The most relevant change for me has been the switch from oil based inks to water based inks. The new Akua inks will remain moist for five years if not in contact with paper or cloth. They print on dry paper (Arches 55), as opposed to soaked paper. They are nontoxic. I have already mentioned the safe way of making etching plates with film versus acid etching. Also, I attended a lithography workshop a couple of years ago where an image is printed onto a rubbery type surface from a computer printer instead of the traditional hand drawn image on a stone or metal sheet. It is amazing how much technology has effected the visual arts.

After 30 years as a painter, you decided to concentrate 100% on printmaking. Why?

I loved being a nonobjective painter. But also during my past years of study and two degrees in art [a BA/Art Education from Baylor University, 1965; an MFA from Michigan State University, 1976], I had also studied several types of printmaking. I found that my processes with painting and printmaking were quiet similar. Printmaking had evolved from a toxic art media into a safe media. Slowly, I began experimenting with forms of collagraph and monotype [printing], and found them challenging.

While I was teaching art at Northwestern Michigan College [1999 – 2005], I enrolled in Photoshop and other computer graphic classes. I searched for a way to incorporate these new skills into my printmaking. I then discovered ImagOn. DuPont had collaborated with Keith Howard from Rochester Institute of Technological and developed a film and technique to produce toxic free etching plates. Using this new process, I was able to apply my new computer knowledge. This became my new focus.

Some of your work is translated into a three-dimensional print. Talk about that.

A three-dimensional composition: Colorful Arches, etching/monotype/collage/pencil/paint, 25″ x 24″ x 24″, 2022

This courage came gradually. I had been a member of the Washington Printmakers Gallery in Washington D.C. for several years when I began taking my printmaking seriously. The gallery held a very traditional view of what types of prints were acceptable. Prints needed to be matted and framed according to a specific standard and computer generated inkjet prints were not allowed. Since then, they have expanded their views and so have I. I began by creating wall relief prints without frames and eventually free standing prints with multiple views.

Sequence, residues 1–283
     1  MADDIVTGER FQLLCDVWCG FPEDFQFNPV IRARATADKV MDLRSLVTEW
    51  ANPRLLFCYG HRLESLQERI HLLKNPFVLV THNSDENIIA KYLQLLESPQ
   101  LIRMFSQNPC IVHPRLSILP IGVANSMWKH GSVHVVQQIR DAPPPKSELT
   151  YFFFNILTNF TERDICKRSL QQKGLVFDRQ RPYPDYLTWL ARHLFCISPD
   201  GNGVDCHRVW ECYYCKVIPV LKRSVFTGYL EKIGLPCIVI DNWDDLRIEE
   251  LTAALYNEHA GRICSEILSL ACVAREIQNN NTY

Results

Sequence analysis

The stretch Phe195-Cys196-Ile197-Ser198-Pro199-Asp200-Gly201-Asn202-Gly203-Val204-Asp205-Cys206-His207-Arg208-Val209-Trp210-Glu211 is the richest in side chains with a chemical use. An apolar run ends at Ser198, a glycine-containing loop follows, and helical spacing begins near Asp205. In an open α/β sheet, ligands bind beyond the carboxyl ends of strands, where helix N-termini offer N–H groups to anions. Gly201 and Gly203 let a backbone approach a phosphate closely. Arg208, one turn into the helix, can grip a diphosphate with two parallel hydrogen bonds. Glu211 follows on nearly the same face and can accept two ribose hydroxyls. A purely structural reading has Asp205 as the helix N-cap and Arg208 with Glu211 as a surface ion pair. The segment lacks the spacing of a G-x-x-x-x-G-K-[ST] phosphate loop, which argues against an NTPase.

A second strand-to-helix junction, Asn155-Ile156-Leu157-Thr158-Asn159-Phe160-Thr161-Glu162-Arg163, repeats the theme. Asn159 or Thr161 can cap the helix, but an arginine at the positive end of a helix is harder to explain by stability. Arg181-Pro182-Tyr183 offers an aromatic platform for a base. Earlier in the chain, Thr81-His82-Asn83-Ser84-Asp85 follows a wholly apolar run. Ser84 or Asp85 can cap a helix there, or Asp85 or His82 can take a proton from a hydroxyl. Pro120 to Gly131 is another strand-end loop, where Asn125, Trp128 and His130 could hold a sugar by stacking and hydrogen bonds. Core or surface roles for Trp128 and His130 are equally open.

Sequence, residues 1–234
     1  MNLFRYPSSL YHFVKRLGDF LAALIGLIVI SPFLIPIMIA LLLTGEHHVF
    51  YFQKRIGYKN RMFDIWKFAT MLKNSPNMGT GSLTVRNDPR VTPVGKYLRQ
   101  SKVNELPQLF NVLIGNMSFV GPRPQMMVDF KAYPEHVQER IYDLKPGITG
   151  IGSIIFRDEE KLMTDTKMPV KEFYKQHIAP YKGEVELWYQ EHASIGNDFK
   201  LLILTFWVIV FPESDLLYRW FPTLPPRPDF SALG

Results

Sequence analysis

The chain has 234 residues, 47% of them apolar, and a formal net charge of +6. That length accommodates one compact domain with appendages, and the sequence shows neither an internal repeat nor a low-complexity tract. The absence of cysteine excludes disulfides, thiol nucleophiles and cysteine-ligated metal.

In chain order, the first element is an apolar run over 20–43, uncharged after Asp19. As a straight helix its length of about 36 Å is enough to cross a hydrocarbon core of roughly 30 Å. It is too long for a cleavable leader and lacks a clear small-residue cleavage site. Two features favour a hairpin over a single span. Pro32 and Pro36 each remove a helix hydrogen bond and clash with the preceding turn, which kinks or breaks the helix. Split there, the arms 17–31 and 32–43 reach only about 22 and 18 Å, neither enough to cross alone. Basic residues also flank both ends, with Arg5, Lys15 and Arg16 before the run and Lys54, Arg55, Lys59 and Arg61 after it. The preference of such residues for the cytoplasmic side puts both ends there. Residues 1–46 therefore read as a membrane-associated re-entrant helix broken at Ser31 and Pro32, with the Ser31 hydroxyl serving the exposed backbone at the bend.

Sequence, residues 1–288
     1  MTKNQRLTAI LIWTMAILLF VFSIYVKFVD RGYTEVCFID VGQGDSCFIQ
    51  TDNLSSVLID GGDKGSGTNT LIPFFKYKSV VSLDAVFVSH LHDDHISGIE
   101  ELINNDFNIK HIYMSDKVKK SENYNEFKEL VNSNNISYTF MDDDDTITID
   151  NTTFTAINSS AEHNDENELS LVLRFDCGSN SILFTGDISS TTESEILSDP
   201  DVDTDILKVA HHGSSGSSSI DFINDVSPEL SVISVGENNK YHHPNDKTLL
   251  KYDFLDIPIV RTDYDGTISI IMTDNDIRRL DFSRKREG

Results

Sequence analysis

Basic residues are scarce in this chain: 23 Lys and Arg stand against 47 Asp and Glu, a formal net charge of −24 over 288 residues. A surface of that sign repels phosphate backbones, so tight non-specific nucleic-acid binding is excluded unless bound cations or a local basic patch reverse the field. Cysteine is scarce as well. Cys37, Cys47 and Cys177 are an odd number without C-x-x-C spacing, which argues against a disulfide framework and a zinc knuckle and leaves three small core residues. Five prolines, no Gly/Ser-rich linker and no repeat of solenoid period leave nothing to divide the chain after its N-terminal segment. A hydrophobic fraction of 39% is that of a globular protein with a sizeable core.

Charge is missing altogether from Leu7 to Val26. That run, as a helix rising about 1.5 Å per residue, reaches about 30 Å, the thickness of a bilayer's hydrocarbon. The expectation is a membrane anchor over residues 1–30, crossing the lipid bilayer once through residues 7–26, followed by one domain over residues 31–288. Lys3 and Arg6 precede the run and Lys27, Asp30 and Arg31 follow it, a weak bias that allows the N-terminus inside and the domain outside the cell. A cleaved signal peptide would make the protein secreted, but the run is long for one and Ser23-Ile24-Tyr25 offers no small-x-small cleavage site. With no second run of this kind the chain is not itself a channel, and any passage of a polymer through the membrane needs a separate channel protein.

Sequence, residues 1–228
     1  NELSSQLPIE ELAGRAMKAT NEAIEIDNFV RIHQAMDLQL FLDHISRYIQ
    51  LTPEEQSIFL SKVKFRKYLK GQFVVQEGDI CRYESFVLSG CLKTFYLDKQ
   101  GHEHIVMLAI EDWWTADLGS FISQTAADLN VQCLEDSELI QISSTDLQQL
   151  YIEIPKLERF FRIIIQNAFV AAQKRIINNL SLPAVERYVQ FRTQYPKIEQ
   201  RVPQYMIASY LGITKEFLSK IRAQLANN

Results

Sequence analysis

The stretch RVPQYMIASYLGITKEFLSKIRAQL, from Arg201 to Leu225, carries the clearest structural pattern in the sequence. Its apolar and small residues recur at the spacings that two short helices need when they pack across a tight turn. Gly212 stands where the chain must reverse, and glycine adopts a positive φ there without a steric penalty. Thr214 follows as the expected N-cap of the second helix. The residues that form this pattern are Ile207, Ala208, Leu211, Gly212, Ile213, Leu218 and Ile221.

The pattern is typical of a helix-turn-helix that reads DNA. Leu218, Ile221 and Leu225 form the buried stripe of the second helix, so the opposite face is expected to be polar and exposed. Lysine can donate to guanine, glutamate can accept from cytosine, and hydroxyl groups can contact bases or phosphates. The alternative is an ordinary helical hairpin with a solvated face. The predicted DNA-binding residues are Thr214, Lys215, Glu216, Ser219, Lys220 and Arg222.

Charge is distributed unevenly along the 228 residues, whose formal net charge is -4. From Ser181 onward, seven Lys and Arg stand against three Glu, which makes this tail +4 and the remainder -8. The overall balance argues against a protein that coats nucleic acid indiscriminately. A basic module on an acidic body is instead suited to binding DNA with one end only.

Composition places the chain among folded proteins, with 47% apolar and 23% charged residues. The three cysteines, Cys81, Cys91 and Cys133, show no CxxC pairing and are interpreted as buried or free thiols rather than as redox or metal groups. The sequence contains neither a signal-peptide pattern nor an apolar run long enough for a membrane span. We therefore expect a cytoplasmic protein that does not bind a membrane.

But because these three-dimensional works are intaglio prints, they needed to be printed first on my etching press. The idea was to combine several two- dimensional prints together. This was a very exciting move for me. I would print out several 8” by 10” sheets of paper containing the etching image and then cut, fold, bend and glue the pieces together. Because the majority of my prints are symmetrical, this was an advantage. So compositionally, my current three-dimensional works are an extension of the processes and techniques I use on my two-dimensional pieces. I have future ideas of creating asymmetrical 3-D work and prints on cloth.

Where and how did you learn to print? Formal training?

In my undergraduate studies in art education and studio art, I was exposed to relief printmaking like linoleum block printing. In graduate school, I did extensive coursework in screen printing. Post graduate, I studied several intaglio forms of printmaking including collagraph, monotype, etching, and embossing. Once I decided to make intaglio printmaking my focus, I had to search for these new processes on my own. Since there is very little intaglio printmaking happening in this area, I traveled to instructional workshops in Santa Fe, New Mexico and spent a month of immersion in Italy.

The subject, and title, of this exhibition is ropes, ribbons, twigs and things. What is it about these objects and shapes that interest you?

I began studying art following the Abstract Expressionism period. Most of my creative thoughts were grounded in Formalistic thinking.

Explain what you mean by the term “formalistic thinking.”

As opposed to creating art to tell a story, to represent an image, or to promote a cause, I create art so that I can use the elements of visual art to compose and create something new. The colors, the shapes, the forms, how they interact with each another, and how the outcome arrives: that’s formalism.

So today, I still find myself searching for pure visual expression in abstracted realism or non-representational art. My art is not about social change, political ideas, environmental awareness, or other commendable issues.

As my work has evolved, I am currently working with imagery that is non-solid, stringy, flexible, and temporary. They can be twisted, tied, folded, curled, or looped. They can be tangled, intertwined, overlapped, or repeated. Many of the images are familiar and relate to my past. Once items of my childhood play, they are now a part of my serious art. I am so excited that these images transcend into the three-dimensional realm.


Read more about Dorothy Anderson Grow’s work here.

Sarah Bearup-Neal develops and curates exhibitions for the Glen Arbor Arts Center. She maintains a studio practice focused on fiber and collage.